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Thread: Brush with a smallish slide.
03-05-2012, 03:06 PM #126Registered User
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03-05-2012, 04:05 PM #127COWHAMPSHIRE PARADISE
SKI THE EAST
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love it for what it is, love it more for what it isn't.
03-05-2012, 07:17 PM #128
Honestly, that's what I call a 5-star, grade-AA forum post, bro. Such a riveting comment, full of valuable information. I honestly copy and pasted it to word, saved on my hard drive, backed it up on a jump drive, drove to the bank, put the jump drive in the safe deposit box, and will leave it there until my kids turn about 12 (when they can actually state their age, and ask what it is I'm showing them), when I will pick it up, put it in an old USB drive reader and relay this awesome post to them and tell them, "kids, this is what a cool post should look and sound like...not like posts of your generation.The furthur we go, the stranger it gets...
03-05-2012, 07:39 PM #129who turned up da gravity?
Ski more blog less - Foggy Goggles
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03-05-2012, 08:17 PM #130_______________________________________________
"Strapping myself to a sitski built with 30lb of metal and fibreglass then trying to water ski in it sounds like a stupid idea to me.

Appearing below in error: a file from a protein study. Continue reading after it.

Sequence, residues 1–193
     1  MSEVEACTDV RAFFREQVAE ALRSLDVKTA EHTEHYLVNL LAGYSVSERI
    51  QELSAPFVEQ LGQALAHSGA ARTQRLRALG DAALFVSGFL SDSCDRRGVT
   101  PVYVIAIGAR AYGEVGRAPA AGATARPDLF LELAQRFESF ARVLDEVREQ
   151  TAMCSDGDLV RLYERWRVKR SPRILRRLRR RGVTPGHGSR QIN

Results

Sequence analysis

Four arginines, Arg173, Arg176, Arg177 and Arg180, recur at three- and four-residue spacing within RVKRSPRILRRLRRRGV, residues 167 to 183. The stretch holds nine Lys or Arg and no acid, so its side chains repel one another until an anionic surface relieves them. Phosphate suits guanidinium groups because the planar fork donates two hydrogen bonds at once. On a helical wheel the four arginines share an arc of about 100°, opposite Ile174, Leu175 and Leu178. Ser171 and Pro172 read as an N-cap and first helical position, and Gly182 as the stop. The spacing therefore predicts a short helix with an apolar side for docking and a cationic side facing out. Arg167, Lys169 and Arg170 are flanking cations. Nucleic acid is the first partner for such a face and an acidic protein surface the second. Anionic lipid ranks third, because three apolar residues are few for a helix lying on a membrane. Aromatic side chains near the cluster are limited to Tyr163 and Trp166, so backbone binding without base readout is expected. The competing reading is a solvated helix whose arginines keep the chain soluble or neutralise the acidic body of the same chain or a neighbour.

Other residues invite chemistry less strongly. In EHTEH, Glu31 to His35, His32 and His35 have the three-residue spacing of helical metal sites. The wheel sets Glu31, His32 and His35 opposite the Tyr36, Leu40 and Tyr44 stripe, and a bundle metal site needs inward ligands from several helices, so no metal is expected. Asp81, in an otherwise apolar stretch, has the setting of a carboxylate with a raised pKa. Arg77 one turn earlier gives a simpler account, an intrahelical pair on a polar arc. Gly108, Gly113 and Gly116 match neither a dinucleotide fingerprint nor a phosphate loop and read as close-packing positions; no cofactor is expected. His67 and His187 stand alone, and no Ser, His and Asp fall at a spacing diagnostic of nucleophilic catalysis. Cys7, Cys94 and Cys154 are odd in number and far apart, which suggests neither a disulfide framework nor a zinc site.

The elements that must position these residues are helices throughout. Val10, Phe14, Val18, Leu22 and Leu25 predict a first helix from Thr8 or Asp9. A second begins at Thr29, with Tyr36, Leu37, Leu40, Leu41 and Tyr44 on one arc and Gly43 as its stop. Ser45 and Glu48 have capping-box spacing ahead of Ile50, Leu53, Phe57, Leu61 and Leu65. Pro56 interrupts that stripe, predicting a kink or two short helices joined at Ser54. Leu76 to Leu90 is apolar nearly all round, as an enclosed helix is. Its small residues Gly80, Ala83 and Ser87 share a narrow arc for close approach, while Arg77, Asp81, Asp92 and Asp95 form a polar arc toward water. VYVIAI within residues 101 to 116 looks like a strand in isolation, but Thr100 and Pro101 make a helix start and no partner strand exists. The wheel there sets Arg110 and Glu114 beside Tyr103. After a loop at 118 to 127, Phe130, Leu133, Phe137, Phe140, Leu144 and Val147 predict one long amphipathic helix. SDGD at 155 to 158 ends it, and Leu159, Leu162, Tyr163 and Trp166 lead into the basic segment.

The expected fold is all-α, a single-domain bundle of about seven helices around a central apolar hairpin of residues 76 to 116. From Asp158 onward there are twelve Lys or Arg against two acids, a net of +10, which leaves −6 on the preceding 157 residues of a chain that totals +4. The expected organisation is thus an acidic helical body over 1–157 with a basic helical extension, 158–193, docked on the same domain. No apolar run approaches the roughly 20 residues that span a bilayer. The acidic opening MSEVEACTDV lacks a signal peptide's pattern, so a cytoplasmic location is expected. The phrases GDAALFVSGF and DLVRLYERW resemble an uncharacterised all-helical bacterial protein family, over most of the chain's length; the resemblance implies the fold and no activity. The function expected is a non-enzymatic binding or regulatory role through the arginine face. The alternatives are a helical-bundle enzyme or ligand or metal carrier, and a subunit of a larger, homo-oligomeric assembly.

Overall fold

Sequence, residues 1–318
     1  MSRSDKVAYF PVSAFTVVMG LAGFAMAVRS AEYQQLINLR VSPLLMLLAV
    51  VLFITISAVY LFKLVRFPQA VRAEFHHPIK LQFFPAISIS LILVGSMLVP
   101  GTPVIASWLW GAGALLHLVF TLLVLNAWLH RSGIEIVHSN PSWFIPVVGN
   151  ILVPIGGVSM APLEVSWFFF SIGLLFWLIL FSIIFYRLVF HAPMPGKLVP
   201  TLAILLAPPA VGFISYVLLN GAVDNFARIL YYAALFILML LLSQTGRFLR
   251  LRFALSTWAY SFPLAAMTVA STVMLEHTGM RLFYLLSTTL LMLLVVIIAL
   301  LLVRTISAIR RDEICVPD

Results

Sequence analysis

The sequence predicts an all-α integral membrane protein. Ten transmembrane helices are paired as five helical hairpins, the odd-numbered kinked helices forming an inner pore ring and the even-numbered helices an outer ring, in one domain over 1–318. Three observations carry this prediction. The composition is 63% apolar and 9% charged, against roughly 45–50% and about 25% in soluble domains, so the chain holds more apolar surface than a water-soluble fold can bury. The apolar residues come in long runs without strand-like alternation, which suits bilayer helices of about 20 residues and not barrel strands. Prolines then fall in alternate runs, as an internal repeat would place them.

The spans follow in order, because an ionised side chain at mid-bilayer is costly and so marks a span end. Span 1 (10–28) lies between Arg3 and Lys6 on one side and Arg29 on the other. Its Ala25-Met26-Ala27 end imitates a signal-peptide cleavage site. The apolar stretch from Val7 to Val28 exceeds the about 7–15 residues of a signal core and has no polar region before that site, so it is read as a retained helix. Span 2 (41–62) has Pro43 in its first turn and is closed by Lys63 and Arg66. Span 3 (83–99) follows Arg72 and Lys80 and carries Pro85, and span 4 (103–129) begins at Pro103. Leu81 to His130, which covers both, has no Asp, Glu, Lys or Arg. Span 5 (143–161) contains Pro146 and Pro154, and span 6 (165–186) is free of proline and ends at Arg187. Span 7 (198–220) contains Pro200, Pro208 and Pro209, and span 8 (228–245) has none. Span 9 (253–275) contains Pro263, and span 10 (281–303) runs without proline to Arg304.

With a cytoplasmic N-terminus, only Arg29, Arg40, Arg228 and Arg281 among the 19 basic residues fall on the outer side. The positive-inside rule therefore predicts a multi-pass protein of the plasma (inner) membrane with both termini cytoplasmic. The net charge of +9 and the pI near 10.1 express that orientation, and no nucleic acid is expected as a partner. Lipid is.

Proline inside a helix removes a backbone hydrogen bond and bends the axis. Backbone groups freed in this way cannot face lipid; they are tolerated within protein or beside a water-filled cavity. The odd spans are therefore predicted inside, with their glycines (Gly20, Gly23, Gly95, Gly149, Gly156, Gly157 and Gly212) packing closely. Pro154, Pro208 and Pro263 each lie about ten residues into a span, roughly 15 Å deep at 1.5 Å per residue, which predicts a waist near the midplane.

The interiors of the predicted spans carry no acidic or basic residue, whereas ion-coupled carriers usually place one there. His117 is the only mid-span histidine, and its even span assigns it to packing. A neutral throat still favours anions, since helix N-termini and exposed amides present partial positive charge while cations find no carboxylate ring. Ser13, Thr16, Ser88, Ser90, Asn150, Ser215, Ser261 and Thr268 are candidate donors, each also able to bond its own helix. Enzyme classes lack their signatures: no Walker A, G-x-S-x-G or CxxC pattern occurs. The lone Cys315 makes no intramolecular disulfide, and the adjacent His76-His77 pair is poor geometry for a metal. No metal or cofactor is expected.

I'll be there." ... Andy Campbell
03-05-2012, 09:02 PM #131
Honest comment here. No bullshit. I don't know you, and I'm not flaming.
You are obviously a very talented skier, the video shows that.
That was not a smallish slide. That was enough to fuck you up big time. That plus the potential for a deep release in your mountain ranges right now cannot be ignored.
If you want to keep skiing until you are old, listen to some of the excellent advice offered here.
We all feel invincible when we are young and strong.
I guarantee you will look back on some of this in a couple of years and think you were lucky to get away with some of it. I know because anyone with years in the mountains does.
I'm not saying dial it back on the cliff hucking and getting after it with your friends, I'm saying dial it back on the avalanche risk and your confidence in your ability to assess it.
I've done a lot of mountain rescue up here in Canada and from your statements you clearly have no idea what's involved in dragging someone out of the woods, with even a minor injury. And that's fine, because you've never had to do it. Everyone thinks the way you do until shit goes down.
Take your stoke and your strength and volunteer for your local search and rescue team.
They will be glad to have someone young and strong who's not afraid to go into the woods when the shit goes down, and you will get the opportunity to drag a broken body through the woods in the dark.
Good luck dude. I hope in the coming years to read lots of your TR's and not your vibes thread.
All those lines will still be there when the stability is good. If that's next week or next year.
03-05-2012, 11:07 PM #132
Great post clownshoe, the voice of reason in a thread of huffing puffing and dickswinging.
Volunteering is an excellent idea. Now that I think on it anyone who goes side/slack/near/back whatever owes SAR a few days here and there.
Doing a body recovery from a debris field the day after or helping to do a night search is a sure way to learn extra respect for the mountains and be in the company of pro's to learn from.
You don't get to be an "old guys rule" ripper by being stupid.